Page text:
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Science and Technology

"Implicitly or otherwise, the educational system has diminished expectations of the blind. If science is hard for me, a sighted adult might reason, it must be doubly hard for a blind person."

— Geerat J. Vermeij, renowned blind marine biologist

Can Blind People Truly Excel in Science?

The opportunity to excel in fields requiring a systematic framework, use logic for problem solving and entail a disciplined approach, provides individuals with a way to think about their world and make sense of their surroundings. While taken for granted by most schoolchildren in the country, this opportunity is limited for those that are blind. Blind people cannot observe, collect and process data in the same way sighted people do, so frequently they are not given the same early encouragement, training and tools as their sighted peers.

Giving Blind Children the Tools to Pursue Scientific Discovery

Picture of the tactile caliper National Braille Press strives to present blind children and their parents with science products as early as possible. The precursors to scientific thinking usually begin with an early exposure to natural science such as toddler board books about wild animal families, early-reader books about the life cycles of butterflies and activity books with simple science experiments. This sparks natural curiosity and paves the way for future interest and exploration.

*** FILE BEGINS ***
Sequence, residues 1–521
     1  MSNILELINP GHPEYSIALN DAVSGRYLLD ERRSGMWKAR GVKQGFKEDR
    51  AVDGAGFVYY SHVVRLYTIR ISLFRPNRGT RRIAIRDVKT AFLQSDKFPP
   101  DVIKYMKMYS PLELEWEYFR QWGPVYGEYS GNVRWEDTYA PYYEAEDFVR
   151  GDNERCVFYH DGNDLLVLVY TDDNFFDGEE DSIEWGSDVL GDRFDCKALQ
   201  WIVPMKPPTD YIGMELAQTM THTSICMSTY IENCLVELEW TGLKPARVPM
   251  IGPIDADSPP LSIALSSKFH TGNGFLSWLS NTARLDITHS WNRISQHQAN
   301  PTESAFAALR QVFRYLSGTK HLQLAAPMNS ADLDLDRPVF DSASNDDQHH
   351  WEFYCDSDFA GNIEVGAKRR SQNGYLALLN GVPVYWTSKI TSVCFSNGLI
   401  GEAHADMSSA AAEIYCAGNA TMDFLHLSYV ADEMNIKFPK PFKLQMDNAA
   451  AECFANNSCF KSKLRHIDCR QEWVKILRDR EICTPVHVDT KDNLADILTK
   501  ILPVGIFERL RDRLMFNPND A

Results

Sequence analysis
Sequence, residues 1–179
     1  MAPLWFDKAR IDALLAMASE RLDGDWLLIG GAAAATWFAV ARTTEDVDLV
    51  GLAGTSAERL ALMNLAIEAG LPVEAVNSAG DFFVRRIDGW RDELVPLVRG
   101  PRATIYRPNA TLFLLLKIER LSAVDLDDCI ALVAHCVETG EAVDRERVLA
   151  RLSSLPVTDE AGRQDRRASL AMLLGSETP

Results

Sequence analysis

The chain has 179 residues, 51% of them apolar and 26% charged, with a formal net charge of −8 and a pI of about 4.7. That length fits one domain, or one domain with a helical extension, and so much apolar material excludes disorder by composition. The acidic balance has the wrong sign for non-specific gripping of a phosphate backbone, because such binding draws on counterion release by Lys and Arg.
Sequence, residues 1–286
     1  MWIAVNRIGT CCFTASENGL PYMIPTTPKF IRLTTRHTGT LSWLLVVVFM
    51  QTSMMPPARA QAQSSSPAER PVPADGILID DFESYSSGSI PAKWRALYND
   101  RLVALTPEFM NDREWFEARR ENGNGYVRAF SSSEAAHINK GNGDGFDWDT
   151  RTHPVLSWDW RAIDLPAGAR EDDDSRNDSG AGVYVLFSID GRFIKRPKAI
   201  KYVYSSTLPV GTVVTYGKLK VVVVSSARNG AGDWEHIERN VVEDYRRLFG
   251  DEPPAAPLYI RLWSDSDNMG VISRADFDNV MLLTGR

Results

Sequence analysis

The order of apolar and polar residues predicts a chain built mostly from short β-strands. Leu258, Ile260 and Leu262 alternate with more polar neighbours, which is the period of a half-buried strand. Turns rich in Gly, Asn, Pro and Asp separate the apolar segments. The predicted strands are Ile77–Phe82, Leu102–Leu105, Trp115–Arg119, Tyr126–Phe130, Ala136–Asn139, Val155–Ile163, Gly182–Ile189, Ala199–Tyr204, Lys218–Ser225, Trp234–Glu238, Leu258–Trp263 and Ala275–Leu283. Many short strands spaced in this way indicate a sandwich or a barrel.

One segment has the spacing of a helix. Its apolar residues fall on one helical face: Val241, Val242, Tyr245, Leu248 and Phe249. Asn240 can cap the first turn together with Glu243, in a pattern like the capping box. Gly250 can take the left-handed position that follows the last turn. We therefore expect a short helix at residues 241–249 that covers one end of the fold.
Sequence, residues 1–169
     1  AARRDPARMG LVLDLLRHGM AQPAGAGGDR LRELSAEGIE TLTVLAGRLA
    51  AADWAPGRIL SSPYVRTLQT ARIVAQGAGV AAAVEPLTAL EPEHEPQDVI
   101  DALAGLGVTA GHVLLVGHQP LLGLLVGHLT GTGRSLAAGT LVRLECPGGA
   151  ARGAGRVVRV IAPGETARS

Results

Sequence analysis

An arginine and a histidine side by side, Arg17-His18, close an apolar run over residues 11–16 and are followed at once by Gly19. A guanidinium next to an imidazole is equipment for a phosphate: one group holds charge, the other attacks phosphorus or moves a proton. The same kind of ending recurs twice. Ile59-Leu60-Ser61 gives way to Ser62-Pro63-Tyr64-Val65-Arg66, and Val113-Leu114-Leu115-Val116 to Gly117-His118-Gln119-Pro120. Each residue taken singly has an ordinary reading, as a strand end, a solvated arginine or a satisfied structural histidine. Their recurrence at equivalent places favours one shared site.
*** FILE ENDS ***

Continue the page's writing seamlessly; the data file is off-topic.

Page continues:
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How Does Braille Complement Technology?

An abundance of technical tools and gadgets is available to organize our lives, entertain us and connect us to home or work. For blind people, the benefits of technology are even greater as these new tools provide the basic ability to access information that was previously unavailable.

Initially, students need to be able to take notes in class, work on papers, and refer to course materials in order to succeed in school. As they progress towards a professional job, adults must be able read email, obtain information from the Internet, develop a PowerPoint presentation, or a legal brief. Given the expectation of technical literacy in school and in the workforce, it is vital that blind children also have technical tools that are available and affordable.

Blind people who learn braille and develop fluency with technology have a significant advantage, are more employable, and are able to shift blindness from a problem to an inconvenience.